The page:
The most important part of the catcher position is defense. Catchers who play great defense can make the big leagues in backup roles even if they don’t hit well at all. But the ideal is a catcher who can do it all, defensively and offensively. On the surface, the Rays’ are going for a player with the upside of a defense-oriented backup catcher with their selection of Michael Williams. But the Rays are seeing if they can get a little more than that.
Williams, a 6’2″, 210 senior catcher out of the University of Kentucky, has become relatively well known for his defense. In 58 starts at catcher in 2012, Williams made just one error. Williams owns a strong and accurate arm, and he moves well defensively behind the plate. He has the ability to be a good defensive catcher. The interesting thing with him is his offense.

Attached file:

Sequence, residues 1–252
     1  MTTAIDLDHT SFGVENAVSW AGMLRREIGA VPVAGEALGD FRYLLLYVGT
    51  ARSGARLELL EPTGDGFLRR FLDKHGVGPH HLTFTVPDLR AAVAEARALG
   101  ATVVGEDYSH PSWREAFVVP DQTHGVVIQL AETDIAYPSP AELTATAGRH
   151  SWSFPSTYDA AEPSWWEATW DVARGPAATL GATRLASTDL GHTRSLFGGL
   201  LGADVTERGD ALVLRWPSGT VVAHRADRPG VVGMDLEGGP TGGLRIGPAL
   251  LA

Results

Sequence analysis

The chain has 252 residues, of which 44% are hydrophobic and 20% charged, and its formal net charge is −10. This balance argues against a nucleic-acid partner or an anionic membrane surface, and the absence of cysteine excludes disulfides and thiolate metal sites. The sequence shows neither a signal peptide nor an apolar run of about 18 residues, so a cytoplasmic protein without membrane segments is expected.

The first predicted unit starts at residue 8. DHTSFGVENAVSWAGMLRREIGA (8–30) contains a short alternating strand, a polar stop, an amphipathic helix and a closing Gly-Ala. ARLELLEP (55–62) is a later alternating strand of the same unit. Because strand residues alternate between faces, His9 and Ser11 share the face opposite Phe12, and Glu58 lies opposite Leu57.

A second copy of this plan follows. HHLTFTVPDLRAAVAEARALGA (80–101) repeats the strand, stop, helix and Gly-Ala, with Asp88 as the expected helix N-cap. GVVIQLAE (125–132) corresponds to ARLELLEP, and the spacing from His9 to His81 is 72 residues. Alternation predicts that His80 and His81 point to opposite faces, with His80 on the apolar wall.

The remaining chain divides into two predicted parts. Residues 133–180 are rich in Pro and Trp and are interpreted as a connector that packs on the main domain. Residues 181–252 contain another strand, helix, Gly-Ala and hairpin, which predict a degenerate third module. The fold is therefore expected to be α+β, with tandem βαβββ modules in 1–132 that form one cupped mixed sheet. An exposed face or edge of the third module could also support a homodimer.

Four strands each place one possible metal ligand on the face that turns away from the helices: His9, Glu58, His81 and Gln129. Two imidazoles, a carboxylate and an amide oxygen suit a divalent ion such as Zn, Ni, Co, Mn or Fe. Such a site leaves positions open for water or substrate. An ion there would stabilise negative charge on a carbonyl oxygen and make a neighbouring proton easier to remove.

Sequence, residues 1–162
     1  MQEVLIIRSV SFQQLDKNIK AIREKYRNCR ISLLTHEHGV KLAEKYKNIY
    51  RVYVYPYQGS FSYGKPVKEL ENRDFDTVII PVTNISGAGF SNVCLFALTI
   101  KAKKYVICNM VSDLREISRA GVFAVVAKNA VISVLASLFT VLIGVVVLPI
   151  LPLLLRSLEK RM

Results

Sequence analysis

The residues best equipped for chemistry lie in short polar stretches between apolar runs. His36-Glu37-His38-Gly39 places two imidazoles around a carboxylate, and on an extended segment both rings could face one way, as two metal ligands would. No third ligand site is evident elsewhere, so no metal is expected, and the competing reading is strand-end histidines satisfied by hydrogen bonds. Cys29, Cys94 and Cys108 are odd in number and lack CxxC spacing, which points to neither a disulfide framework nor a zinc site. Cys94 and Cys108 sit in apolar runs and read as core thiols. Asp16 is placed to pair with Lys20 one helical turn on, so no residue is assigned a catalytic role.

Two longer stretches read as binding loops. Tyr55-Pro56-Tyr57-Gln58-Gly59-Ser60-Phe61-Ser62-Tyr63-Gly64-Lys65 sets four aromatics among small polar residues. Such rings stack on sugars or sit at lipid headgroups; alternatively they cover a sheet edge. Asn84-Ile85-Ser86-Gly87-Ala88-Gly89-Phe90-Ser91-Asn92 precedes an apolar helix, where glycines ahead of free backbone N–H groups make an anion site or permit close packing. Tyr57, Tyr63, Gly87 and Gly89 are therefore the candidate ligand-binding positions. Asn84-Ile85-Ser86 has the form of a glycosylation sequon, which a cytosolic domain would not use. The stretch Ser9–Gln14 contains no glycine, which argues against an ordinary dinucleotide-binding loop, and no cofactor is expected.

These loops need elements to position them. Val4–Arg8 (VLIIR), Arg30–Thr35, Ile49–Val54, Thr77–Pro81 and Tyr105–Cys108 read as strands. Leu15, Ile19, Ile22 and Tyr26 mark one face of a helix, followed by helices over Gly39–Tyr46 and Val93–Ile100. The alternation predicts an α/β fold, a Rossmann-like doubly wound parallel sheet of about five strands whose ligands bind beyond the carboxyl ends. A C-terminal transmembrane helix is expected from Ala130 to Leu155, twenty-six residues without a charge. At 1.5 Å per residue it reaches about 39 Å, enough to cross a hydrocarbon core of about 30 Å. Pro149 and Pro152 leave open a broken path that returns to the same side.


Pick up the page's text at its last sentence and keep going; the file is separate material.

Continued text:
In 2012 for the Wildcats, Williams posted a .290/.360/.379 line with 10 doubles, 3 homers, and 36 RBI. He struck out 48 times compared to just 20 walks. He also had 5 sac bunts. Williams certainly is not an elite offensively player or anywhere close to that. But he has shown flashes for a long time. He has always had strong wrists and shown some solid bat speed with a compact swing. Far too often, Williams is primarily a groundball and soft line drive hitter. But on a few occasions he has gotten hot and started utilizing his strength to drive the ball for extra-base hits and even home runs. Williams features a stance with just a short stride, which may be a major reason for his struggles. The Rays could try to open up Williams’ stance more and see if they can get some power out of him. His defense is great, and some power would give him a great backup profile and maybe something clicks for Williams with is overall hitting ability. Williams is not exactly an upside pick. He’s likely a backup catcher at best. But the Rays always like to leave the door open for some amount of potential and Williams brings that to the table.
Topics: Michael Williams